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Work & Purpose

Starting a Part-Time Retirement Business Before You Retire

This strategy can lower your risk as an entrepreneur


Part of the America’s Entrepreneurs Special Report

If you’re thinking about running a part-time business in retirement, researching and even starting it while you’re still working full-time is a smart move.

“It’s great to see if there is a market for your business while not depending on it for an income,” said Phillip Phan, a Johns Hopkins Carey Business School professor as well as an editor on the EIX Editorial Board of the Schulze School of Entrepreneurship at the University of St. Thomas in Minneapolis. (EIX is a funder of Next Avenue.)

Whether you’ll want to, say, provide a concierge service to care for pets, create craft items or run a nonprofit for a cause you love, getting things going before you retire also offers an opportunity to assess if there is a demand beyond your friends and family, said Kimberly A. Eddleston, a Northeastern University entrepreneurship professor and a senior editor on the EIX Editorial Board.

Cutting Hours to Build a Business for Retirement

Mary Pender Greene
Mary Pender Greene

Mary Pender Greene, a psychotherapist, social worker and career coach, laid the groundwork for incorporating her consulting business in New York City — MPG Consulting — during her last full-time year as an executive at The Jewish Board of Family and Children’s Services in 2010. She had worked at that nonprofit for 26 years.

Launching a business perhaps one to five years before retiring from your current one provides the chance to test the market for your product or service.

MPG Consulting is “committed to ensuring that organizations serving populations of color are prepared to provide transformative culturally and racially attuned clinical, programmatic and administrative services,” noted Pender Greene.

Between 2010 and 2013, Pender Greene continued working at The Jewish Board in a smaller capacity, roughly six hours a month, keeping a connection to the organization while expanding her consulting firm.

“There was never a moment when I thought: ‘Oh, what else am I going to do?’ I was always thinking about what else I could do, said Pender Greene, author of Creative Mentorship and Career-Building Strategies: How to Build Your Virtual Personal Board of Directors. “No matter what, there are always transferable skills.”

Having a wide swath of contacts helped Pender Greene grow her consulting practice to a team of roughly 60 diverse consultants with a broad range of experience as coaches, clinicians, trainers and managers.

A Chance to Test Your Product or Service

Launching a business perhaps one to five years before retiring from your current one provides the chance to test the market for your product or service. “By starting a business before you stop working, you can see what your time commitment will actually be. It will help you to understand what your actual day would look like once you are doing it full-time,” said Eddleston.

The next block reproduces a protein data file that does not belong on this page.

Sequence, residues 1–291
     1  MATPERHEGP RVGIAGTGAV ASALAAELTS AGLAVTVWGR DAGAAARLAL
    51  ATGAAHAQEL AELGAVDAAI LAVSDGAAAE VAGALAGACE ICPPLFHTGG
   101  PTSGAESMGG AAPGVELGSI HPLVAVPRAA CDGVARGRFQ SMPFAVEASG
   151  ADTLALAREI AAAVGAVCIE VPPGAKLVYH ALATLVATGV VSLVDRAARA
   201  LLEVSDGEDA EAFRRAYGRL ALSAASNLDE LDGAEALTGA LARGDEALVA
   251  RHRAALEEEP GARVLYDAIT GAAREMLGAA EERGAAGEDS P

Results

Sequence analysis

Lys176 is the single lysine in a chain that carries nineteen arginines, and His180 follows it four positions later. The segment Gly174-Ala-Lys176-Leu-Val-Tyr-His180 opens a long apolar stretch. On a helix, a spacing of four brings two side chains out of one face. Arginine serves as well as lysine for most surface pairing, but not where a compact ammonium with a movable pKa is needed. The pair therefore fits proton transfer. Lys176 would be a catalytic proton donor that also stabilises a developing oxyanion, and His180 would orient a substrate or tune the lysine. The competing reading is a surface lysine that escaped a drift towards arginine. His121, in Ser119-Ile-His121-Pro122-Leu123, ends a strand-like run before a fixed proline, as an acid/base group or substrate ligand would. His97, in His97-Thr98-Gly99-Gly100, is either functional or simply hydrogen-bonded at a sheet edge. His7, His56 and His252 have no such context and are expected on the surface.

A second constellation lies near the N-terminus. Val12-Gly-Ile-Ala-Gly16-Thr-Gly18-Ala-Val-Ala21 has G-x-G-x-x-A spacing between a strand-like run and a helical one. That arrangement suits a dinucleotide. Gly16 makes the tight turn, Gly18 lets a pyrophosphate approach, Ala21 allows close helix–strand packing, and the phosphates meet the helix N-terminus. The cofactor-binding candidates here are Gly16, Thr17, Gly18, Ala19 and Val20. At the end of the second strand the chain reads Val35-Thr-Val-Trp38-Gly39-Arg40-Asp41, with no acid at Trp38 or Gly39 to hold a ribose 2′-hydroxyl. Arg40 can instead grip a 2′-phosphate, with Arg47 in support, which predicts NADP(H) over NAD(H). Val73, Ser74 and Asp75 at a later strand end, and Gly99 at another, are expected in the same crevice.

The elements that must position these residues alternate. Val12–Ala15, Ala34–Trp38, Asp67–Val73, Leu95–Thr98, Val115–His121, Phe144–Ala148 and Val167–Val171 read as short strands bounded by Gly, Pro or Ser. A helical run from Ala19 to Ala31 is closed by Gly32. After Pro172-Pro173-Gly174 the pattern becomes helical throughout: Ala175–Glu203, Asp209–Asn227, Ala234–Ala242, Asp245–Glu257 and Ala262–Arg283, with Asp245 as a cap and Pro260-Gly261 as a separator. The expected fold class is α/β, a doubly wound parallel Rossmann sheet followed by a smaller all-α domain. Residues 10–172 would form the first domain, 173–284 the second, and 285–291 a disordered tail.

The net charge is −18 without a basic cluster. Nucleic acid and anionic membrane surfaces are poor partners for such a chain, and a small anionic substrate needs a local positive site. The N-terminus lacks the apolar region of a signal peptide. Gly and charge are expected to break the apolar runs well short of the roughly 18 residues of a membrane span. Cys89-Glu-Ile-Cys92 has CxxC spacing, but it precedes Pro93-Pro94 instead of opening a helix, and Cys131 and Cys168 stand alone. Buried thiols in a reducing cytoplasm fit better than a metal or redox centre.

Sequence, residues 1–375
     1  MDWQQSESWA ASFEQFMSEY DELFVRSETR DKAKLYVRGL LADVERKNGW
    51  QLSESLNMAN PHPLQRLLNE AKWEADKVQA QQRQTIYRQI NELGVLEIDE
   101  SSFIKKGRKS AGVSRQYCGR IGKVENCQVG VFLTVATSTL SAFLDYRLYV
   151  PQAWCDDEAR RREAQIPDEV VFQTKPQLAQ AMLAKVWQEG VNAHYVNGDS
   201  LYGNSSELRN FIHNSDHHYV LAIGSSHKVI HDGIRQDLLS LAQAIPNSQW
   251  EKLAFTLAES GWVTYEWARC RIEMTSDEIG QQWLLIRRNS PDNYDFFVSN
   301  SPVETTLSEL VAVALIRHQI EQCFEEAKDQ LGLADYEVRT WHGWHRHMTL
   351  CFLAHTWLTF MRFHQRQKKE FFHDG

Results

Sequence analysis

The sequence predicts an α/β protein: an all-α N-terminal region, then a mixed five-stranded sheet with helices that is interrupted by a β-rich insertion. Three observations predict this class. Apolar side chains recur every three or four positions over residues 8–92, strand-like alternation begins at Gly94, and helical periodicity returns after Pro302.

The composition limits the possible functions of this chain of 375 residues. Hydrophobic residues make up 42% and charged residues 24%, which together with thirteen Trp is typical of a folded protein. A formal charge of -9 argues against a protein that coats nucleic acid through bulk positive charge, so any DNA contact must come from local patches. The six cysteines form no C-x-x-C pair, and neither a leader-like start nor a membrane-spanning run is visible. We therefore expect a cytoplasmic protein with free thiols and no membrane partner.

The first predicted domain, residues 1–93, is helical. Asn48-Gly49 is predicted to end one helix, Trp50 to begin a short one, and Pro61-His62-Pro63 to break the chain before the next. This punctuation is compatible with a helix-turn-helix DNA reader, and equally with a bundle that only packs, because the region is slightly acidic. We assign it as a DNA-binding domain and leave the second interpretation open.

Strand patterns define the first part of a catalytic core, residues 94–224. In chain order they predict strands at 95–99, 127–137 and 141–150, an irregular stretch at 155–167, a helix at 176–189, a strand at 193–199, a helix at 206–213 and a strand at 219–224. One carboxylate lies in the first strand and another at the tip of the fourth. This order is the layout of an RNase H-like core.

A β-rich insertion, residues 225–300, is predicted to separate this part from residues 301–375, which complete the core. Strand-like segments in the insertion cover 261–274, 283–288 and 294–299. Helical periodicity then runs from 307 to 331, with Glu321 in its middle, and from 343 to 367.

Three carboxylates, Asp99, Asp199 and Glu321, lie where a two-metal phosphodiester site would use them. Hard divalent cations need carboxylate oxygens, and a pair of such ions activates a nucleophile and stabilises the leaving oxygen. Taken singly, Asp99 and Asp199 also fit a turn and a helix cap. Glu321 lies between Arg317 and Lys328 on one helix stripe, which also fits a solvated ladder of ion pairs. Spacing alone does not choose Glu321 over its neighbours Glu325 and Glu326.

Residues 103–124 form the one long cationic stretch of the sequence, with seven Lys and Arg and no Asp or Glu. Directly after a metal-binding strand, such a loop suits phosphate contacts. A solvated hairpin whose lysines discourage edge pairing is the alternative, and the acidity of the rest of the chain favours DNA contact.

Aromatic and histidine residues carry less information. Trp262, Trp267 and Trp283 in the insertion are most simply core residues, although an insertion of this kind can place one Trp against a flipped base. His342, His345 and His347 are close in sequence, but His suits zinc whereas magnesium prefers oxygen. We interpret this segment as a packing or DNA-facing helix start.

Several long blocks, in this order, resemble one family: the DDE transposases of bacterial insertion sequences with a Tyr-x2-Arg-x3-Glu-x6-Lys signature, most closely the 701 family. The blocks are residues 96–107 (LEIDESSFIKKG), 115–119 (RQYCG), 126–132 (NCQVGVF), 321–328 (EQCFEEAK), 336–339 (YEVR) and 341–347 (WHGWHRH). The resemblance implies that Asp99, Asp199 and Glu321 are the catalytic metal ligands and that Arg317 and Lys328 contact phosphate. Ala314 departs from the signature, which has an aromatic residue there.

Pender Greene agrees. “When you’re thinking about leaving your current job, you need at least a year to plan before you leave,” she said. “A part of what makes it successful during the transition is to keep your focus open. If you hold on too tightly to a goal, you might not see the new opportunities.”

Also, said David Deeds, Schulze professor of entrepreneurship at the University of St. Thomas, and EIX executive editor, “You need to really take the time to do your research getting feedback from potential customers.”

If you’ll be test marketing a new business while fully employed, there are two things to keep in mind:

For one, make sure there’s no conflict of interest between your idea and what you do for your current employer. You don’t want to be accused of stealing intellectual property.

Sometimes, this just means having a conversation with your employer ahead of time, noted Phan.

You’ll also want to learn your state’s tax reporting requirements for small businesses. “Work with an attorney and accountant,” said Phan.

Taking these steps to slowly roll out your business idea lets you “find out if what you want to do provides the profit margins that you need. You want to fail early and cheap, without putting your retirement savings and investments at risk,” said Deeds.

 (This article is part of America’s Entrepreneurs, a Next Avenue initiative made possible by the Richard M. Schulze Family Foundation and EIX, the Entrepreneur and Innovation Exchange.)

Leslie Hunter-Gadsden
By Leslie Hunter-Gadsden
Leslie Hunter-Gadsden is a journalist and educator with over 25 years experience writing for print and online publications. She has covered business and a variety of topics for several consumer and trade publications and media outlets including Next Avenue, Black Enterprise magazine and Sisters from AARP newsletter.

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